Moreover, the Department's interpretation of its own regulations articulated in its briefs before this Court is also entitled to Chevron-type deference. See Auer, 519 U.S. at 462-63 (statements in legal briefs of an agency's interpretation of its own regulations are entitled to controlling deference). Thus, this Court should defer to the Department's position that its legislative rule at 29 C.F.R. 825.310(b) requires that an applicable CBA control an employee's return to work after taking FMLA leave, even if the CBA requires a more stringent certification process than the FMLA would allow in the absence of a CBA (or valid state or local law).

    In sum, to the extent that the statute is ambiguous on this point, the Department's legislative rule at 29 C.F.R. 825.310(b) specifically states that where a CBA governs an employee's return to work it shall be applied. This regulation is unquestionably permissible because it is consistent with the FMLA's language, structure, and legislative history. Thus, the Department's legislative rule is entitled to deference. See Chevron, 467 U.S. at 843; Castro, 360 F.3d at 727.

CONCLUSION

    For the foregoing reasons, the Court should conclude that the Department of Labor's legislative rule at 29 C.F.R. 825.310(b) interpreting the FMLA's requirements is entitled to Chevron deference, and affirm the district court's decision that the terms of a collective bargaining agreement control an employee's return to work.

Respectfully submitted,

HOWARD M. RADZELY
Solicitor of Labor

STEVEN J. MANDEL
Associate Solicitor

PAUL L. FRIEDEN
Counsel for Appellate Litigation

___signed______
JOANNA HULL
Attorney

U.S. Department of Labor
Office of the Solicitor
200 Constitution Ave., N.W.
Suite N-2716
Washington, D.C. 20210
(202) 693-5555

CERTIFICATE OF SERVICE

    I certify that two copies of this Supplemental Memorandum for the Secretary of Labor as Amicus Curiae Supporting Defendant-Appellee on Panel Rehearing have been served on each of the following counsel of record by Federal Express this 30th day of November 2005:

Peter J. Leff
O'Donnell, Schwartz & Anderson
1300 L Street N.W.
Suite 1200
Washington, DC 20005
Counsel for Plaintiff-Appellant

Stephan J. Boardman
United States Postal Service
475 L'Enfant Plaza S.W.
Washington, DC 20260-1136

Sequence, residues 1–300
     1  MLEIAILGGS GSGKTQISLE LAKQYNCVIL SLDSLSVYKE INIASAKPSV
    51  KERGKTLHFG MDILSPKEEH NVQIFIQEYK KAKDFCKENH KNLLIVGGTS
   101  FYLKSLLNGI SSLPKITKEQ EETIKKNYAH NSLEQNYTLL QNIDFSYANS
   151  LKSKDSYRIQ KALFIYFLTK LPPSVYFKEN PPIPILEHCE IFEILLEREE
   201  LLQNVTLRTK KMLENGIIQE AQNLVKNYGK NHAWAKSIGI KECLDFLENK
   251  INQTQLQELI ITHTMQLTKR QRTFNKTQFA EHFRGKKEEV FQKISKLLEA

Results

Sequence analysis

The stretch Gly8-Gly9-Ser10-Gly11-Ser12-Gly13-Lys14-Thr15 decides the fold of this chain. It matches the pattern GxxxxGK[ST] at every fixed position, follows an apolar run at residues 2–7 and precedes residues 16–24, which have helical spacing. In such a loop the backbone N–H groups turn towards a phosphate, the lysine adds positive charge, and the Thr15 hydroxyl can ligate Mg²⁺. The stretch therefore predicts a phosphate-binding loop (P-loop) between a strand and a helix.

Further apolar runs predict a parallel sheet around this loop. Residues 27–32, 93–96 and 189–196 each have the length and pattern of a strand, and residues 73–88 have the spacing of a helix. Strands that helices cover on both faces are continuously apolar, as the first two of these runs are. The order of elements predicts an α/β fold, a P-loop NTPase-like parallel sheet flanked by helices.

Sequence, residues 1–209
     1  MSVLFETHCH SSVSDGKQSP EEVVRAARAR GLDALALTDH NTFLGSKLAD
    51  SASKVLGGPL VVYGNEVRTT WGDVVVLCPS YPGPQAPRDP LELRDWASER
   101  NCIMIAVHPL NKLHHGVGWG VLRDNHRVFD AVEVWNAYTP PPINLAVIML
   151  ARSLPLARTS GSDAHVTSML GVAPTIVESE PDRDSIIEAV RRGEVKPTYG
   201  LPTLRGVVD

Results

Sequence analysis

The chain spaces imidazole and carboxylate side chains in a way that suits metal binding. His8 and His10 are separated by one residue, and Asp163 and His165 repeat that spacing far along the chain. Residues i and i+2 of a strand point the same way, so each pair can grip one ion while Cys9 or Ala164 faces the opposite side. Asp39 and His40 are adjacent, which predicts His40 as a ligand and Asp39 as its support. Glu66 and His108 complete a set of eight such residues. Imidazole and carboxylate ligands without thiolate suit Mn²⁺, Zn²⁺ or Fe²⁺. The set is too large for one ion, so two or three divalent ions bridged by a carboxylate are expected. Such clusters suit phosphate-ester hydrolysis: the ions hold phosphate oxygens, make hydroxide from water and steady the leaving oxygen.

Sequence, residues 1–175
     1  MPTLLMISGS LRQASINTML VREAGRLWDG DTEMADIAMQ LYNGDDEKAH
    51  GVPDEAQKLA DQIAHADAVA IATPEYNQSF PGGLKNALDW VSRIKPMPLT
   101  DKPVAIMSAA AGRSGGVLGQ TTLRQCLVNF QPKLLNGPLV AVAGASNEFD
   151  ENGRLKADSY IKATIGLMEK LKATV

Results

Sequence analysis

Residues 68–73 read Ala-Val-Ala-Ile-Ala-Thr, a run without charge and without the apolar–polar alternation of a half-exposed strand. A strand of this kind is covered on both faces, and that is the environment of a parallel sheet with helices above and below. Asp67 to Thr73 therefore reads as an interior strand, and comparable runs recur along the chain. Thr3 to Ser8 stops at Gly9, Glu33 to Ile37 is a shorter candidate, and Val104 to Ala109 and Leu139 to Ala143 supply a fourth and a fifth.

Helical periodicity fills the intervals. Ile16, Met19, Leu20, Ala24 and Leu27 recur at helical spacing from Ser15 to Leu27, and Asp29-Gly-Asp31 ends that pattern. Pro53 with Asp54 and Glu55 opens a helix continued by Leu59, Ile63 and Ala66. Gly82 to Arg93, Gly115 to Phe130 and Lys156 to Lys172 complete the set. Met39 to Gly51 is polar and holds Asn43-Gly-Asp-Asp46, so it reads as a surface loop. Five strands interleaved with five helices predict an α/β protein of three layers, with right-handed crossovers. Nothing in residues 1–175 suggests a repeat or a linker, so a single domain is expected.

Counsel for Defendant-Appellee

___signed__
Joanna Hull
Attorney


Footnotes

[1]    The text of 29 C.F.R. 825.310 is reprinted in the Addendum attached to the Secretary's previously filed Amicus Brief supporting the Postal Service's Petition for Rehearing.

[2]    We explained in our Amicus Brief that the specific provision at 29 U.S.C. 2614(a)(4) is plain on its face and thus should be controlling. We explain below that any seeming tension between that provision and 29 U.S.C. 2652(b) is more apparent than real, because the "right" created by 2614(a)(4), which cannot be diminished according to 2652(b), is explicitly conditioned on compliance with any governing CBA (as well as any applicable state or local law).

[3]    Neither Chevron nor any of its progeny lists "sufficient specificity" as a factor to be considered in determining whether an agency's interpretation of an ambiguous statute contained in a legislative rule is entitled to controlling deference. Moreover, even where an agency's regulation is ambiguous, the agency's interpretation of its own regulation is entitled to the highest level of deference. See Auer v. Robbins, 519 U.S. 452, 461 (1997) (Secretary of Labor's interpretation of her own regulations is controlling unless it is "plainly erroneous or inconsistent with the regulation") (internal quotation marks omitted).

[4]    The specificity of 29 C.F.R. 825.310(b) leaves no room for ambiguity. The regulation's explicit statement that where a CBA governs an employee's return to work, its provisions shall apply, avoids creating any tension with 29 C.F.R. 825.700(a) (stating, based on the language in 29 U.S.C. 2652 and 2653, that "the rights established by the Act may not be diminished by any employment benefit program or plan[,]" and providing as an example a CBA in the context of reinstatement to an equivalent position, not return-to-work certifications).

[5]    Similarly, the relevant section of the Preamble describing 29 C.F.R. 825.215, which defines an "equivalent" position for purposes of reinstatement under the Act but does not address the applicability of CBAs, explicitly references the general statutory prohibition against applying a CBA if it diminishes an FMLA right. See 60 Fed. Reg. at 2215-16.

[6]    The Opinion Letter is reprinted in the Addendum to the Secretary's Amicus Brief.